LEE CATTERMOLE has called time on his playing career at the age of 32.

The former Middlesbrough, Wigan and Sunderland midfielder has confirmed his retirement to concentrate on securing his coaching badges.

Cattermole’s final season was in the Netherlands with VVV Venlo, where his stay was cut short when the Eredivisie was brought to an early end because of the coronavirus pandemic.

The Stockton-born and raised midfielder has had a lot of time to think about the future during the lockdown, and has decided the time is right to hang up his playing boots.

Cattermole, who made 11 appearances to help Venlo stave off the threat of relegation, said: “With the current situation, the amount of time I have had at home, and a great season in Holland, the time is right for me to look into going down the coaching route.

The Northern Echo:

“Ordinarily I don’t think it would have been this year, my aim would have been to play two more seasons. Given how long it was since I last played, the more time I have been away from playing, the more I have thought about the game and getting on the training pitch.

“It was a difficult decision. If the season hadn’t finished like it did in May then things might not have been like this, but I think this is right.

“Since making the decision this week, which surprisingly wasn’t emotional for me, I have been really excited about the future. It’s really exciting and this is the right time for me.”

The Northern Echo:

Cattermole made 271 Premier League appearances and headed for the Netherlands last summer after ten years in the Premier League, Championship and League One with Sunderland.

Steve McClaren handed the Middlesbrough academy graduate his top-flight debut aged just 17 at Newcastle United on January 2, 2006, when he was named man of the match.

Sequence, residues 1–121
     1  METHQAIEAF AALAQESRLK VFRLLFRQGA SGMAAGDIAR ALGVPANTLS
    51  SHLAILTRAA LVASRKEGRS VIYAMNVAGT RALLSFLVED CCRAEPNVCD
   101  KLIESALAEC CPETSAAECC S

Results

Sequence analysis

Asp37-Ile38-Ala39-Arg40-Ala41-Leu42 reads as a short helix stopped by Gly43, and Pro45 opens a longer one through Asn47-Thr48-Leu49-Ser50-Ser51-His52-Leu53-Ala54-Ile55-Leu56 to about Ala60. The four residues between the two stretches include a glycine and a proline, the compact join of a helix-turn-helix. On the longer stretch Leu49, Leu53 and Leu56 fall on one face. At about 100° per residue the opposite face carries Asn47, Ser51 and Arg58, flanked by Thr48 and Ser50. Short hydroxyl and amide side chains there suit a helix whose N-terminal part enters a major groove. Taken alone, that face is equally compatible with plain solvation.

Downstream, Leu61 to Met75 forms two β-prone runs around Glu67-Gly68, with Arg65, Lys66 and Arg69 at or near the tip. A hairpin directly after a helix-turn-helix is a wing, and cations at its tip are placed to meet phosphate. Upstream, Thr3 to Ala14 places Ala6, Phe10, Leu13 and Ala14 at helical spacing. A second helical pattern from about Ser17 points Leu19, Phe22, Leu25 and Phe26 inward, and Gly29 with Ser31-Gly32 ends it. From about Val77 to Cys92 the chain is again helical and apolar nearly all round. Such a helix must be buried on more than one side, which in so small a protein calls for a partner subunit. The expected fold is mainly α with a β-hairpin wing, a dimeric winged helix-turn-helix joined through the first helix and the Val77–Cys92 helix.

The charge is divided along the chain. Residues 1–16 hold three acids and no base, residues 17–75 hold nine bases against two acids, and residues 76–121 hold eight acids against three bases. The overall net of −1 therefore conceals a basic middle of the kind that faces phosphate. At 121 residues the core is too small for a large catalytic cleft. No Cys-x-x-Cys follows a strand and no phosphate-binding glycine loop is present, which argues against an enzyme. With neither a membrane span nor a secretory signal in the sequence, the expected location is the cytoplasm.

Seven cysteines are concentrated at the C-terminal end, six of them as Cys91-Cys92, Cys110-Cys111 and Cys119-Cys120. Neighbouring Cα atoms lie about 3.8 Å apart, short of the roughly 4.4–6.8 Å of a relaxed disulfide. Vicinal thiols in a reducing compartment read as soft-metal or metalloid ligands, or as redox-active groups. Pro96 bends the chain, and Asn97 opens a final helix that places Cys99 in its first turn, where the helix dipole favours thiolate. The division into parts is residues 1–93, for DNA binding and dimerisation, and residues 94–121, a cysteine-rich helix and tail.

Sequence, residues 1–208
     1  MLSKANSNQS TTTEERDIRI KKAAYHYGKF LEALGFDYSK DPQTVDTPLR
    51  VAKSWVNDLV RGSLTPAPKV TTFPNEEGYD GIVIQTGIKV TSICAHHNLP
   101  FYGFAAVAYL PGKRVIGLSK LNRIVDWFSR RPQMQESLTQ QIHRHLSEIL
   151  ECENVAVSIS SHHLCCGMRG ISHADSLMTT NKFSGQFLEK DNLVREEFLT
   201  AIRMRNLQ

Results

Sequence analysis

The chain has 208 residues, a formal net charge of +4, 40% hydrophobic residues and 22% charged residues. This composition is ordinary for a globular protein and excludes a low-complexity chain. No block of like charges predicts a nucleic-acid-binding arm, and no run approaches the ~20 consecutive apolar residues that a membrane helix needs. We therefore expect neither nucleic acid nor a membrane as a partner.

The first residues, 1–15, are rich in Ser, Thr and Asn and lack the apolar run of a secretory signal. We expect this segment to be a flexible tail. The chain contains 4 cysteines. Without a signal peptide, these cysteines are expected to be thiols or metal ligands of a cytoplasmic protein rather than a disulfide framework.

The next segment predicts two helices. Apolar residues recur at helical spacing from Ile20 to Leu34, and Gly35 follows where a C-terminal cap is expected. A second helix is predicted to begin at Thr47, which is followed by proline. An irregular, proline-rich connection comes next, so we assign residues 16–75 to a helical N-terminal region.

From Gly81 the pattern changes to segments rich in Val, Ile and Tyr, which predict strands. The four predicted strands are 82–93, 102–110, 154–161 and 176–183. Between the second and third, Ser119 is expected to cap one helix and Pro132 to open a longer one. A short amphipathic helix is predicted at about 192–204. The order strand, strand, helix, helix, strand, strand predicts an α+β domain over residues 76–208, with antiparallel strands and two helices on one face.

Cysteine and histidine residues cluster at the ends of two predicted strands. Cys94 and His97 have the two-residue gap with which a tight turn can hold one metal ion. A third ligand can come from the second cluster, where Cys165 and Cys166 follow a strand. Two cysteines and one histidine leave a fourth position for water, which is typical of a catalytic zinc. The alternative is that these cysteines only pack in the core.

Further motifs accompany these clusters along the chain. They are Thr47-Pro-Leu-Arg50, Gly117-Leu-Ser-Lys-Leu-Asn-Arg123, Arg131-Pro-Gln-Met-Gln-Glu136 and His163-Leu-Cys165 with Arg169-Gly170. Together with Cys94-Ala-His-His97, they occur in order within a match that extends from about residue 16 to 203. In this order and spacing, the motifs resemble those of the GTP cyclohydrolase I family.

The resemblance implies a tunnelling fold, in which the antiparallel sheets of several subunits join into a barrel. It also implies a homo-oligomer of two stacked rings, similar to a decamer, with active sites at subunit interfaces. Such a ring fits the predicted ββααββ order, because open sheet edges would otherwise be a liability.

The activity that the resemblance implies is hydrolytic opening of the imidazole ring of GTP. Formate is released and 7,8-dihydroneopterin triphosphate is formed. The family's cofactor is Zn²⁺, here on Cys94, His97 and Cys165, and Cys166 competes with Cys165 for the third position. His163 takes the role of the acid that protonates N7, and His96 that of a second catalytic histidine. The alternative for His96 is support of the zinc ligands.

He was Boro’s youngest ever captain aged 18 and 47 days when he led the side out at Fulham on May 7 that year, soon after appearing in the UEFA Cup final against Sevilla.

Cattermole moved to Wigan two years later to work with Steve Bruce, who then took him to Sunderland the following summer for £6m with a reputation as a no-nonsense midfielder.

He has always loved examining the game and coaching styles, leading to him heading to Northern Ireland this week to begin the pursuit of his coaching badges.

He said: “I have always wanted to coach/manage. Now is a good opportunity to focus on that.

“I am 100 per cent fit, I have kept myself fit, I would anyway. I still have a lot of drive, energy, and I want to now put that into coaching to help others get better.

“It’s exciting, it feels like I am going back to the start again. It is about making my way in coaching. It is a huge challenge and one I am really excited about getting stuck into.”

Cattermole was loved and hated during his career because of his fully-committed playing style, but he will always cherish what he experienced as a player.

The Northern Echo:

The former England Under-21s international said: “We all strive for more, people say ‘no regrets’, but there will be regrets in certain areas. That is what you have to learn from.

“I know how hard I have trained every day in training. There were good and bad performances, everything that goes with being a pro footballer, the ups and downs, the injuries, the memorable results.

“All the stuff I have managed to do in my career I can learn from, and I can learn more from the bad stuff too. I am proud of what I have done.

“My career has set me up for the future – a future I am looking forward to.

“I will be going from being an old player to being one of the youngest coaches. I am happy with my playing career, although I’m sure I could have done better. I could have done worse as well.

“I will learn from those things and I want to make sure I am an even better coach/manager than I was a player.”